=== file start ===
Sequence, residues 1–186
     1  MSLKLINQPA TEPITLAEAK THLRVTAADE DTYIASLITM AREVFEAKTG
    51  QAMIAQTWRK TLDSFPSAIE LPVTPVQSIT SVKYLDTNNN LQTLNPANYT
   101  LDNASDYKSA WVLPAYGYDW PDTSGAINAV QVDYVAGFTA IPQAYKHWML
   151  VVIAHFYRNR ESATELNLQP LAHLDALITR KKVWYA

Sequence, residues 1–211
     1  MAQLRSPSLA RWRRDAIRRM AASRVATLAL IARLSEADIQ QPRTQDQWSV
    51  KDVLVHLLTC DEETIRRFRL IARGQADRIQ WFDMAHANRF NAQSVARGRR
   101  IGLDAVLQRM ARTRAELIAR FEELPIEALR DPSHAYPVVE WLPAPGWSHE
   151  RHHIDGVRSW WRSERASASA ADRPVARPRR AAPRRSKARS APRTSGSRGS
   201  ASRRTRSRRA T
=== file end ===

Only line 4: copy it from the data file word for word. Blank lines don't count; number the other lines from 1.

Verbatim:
   101  LDNASDYKSA WVLPAYGYDW PDTSGAINAV QVDYVAGFTA IPQAYKHWML